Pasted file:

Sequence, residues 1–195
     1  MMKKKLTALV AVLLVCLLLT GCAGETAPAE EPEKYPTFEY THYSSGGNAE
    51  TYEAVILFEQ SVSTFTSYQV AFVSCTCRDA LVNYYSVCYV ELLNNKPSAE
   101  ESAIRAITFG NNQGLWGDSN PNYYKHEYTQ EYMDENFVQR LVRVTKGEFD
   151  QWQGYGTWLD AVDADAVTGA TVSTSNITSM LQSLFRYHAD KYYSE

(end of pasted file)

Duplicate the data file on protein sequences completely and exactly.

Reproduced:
Sequence, residues 1–195
     1  MMKKKLTALV AVLLVCLLLT GCAGETAPAE EPEKYPTFEY THYSSGGNAE
    51  TYEAVILFEQ SVSTFTSYQV AFVSCTCRDA LVNYYSVCYV ELLNNKPSAE
   101  ESAIRAITFG NNQGLWGDSN PNYYKHEYTQ EYMDENFVQR LVRVTKGEFD
   151  QWQGYGTWLD AVDADAVTGA TVSTSNITSM LQSLFRYHAD KYYSE